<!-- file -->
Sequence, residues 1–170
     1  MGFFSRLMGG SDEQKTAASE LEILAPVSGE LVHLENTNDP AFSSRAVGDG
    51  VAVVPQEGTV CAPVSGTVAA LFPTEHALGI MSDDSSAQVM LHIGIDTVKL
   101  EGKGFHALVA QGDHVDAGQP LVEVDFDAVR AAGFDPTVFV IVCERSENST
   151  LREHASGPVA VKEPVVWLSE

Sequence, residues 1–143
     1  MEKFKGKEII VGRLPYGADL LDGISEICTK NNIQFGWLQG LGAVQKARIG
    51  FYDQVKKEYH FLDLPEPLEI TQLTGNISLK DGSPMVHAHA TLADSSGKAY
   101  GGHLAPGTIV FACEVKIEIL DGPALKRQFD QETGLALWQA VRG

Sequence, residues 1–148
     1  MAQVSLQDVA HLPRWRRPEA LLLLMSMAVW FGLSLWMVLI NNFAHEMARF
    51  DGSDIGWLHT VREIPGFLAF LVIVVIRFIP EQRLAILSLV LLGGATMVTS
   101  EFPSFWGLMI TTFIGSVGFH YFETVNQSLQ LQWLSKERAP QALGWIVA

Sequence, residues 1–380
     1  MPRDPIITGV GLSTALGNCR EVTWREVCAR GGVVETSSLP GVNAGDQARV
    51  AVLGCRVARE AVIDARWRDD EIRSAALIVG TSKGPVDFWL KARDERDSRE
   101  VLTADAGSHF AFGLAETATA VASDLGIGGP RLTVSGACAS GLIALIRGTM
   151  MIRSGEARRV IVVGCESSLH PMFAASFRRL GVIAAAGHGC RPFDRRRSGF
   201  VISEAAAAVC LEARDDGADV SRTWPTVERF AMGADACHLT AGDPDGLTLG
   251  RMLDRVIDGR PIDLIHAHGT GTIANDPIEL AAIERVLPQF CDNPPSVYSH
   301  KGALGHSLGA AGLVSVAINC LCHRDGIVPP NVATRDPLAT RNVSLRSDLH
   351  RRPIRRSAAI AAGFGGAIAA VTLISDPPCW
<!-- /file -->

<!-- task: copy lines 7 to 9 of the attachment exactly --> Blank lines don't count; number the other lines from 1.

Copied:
     1  MEKFKGKEII VGRLPYGADL LDGISEICTK NNIQFGWLQG LGAVQKARIG
    51  FYDQVKKEYH FLDLPEPLEI TQLTGNISLK DGSPMVHAHA TLADSSGKAY
   101  GGHLAPGTIV FACEVKIEIL DGPALKRQFD QETGLALWQA VRG